Complex and difficult situation
Dr Indrajit Coomaraswamy pointed out that the macroeconomic policy-making landscape was complex and difficult due to adverse trends in global markets and recent electorally motivated and irrationally over-exuberant fiscal measures. At present, the economy is confronted with the unusual combination of below potential growth and pressure on the current account of the balance of payments, the currency and reserves. The strategy of borrowing and defending the exchange rate by depleting resources is unsustainable.

Dr. Coomaraswamy pointed out that balance of payments pressure is usually associated with an overheating economy, but at present it is with low growth due to a lack of structural reform after the stabilisation package in 2012, an uncertain business environment with inconsistent and unpredictable policies and political uncertainty over the last 9 months.

Low growth and trade deficit
The combination of low growth and external account pressure can occur when there is a major exogenous shock, such as a sharp rise in oil prices and /or a collapse of key export production/markets. While tea and rubber exports have been experiencing difficulties, this has been easily offset by the substantial foreign exchange savings by low oil prices. Therefore the current combination of low growth and external account pressure cannot be attributed to an exogenous shock. The massive boost to consumption given by the non-productivity linked giveaways in the 2015 Budge and the Interim Budget this year increased disposable incomes to increase consumer imports, particularly motor vehicles. Meanwhile exports have declined. The policy challenge posed by this combination of low growth and pressure on the external account is being greatly compounded by elevated risks in global markets due to the anticipated US Federal Reserve interest rate increase and economic slowdown and market uncertainty in China.

New approach to infrastructure
A discussant stressed the need for a new approach to infrastructure development. Unlike under the previous government, when huge sums were spent on infrastructure projects that were unlikely to bring commensurate returns, new infrastructure development must evaluate the costs and benefits of such investment. The Government must explore ways and means of obtaining some returns from the huge amounts that have been spent on poor yielding infrastructure. For instance, the Mattala Airport could be a focus for a new thrust in regional tourism.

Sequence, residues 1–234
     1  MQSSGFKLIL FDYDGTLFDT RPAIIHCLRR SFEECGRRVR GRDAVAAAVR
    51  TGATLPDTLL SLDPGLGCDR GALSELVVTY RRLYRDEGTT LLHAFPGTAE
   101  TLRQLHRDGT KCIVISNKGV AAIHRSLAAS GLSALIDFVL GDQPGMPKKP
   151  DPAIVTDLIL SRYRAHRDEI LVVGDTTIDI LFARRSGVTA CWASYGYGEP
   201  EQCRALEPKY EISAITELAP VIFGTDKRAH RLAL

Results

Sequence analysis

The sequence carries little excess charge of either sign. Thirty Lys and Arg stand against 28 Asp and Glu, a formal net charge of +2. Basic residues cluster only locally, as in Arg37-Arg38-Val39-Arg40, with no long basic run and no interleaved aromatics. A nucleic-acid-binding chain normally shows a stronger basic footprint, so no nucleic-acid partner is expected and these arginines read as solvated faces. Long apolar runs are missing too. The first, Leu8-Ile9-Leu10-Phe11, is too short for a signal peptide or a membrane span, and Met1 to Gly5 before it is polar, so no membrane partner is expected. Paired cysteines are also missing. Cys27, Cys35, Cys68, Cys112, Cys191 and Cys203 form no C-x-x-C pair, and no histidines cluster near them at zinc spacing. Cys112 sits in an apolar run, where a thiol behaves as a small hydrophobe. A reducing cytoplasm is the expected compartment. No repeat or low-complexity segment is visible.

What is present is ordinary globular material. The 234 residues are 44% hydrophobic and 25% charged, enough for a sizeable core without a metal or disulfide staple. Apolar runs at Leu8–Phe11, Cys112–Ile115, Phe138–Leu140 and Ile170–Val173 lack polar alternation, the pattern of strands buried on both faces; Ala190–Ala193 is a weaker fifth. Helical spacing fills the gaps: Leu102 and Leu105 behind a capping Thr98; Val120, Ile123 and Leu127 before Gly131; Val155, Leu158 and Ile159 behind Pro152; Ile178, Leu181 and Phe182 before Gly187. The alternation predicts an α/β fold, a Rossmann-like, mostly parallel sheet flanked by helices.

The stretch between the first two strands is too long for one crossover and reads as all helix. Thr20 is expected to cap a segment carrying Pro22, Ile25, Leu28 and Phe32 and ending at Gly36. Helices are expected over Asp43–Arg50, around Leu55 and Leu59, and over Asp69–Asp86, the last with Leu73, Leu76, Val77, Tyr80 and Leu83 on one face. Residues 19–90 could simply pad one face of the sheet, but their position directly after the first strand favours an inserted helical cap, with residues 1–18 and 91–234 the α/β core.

Agricultural development
A new and realistic approach to agricultural development must take into account the agricultural labour deficit in the country. The vast extents of land owned by the government in the North and East must be released for cultivation of crops on a large scale using modern technology that is less labour intensive. Agricultural production should be agro business enterprises that process produce and market them domestically and for exports.

Need for serious and rational approaches
Dr Godfrey Gunatilleka who chaired the Roundtable said that the rich discussion had brought out the need for serious and rational approaches to face the challenging economic tasks. Some form of planning and a vision would be an essential foundation for policy implementation. The Gamani Corea Foundation has an agenda of similar roundtable discussions of economic and social issues that would hopefully have a policy impact.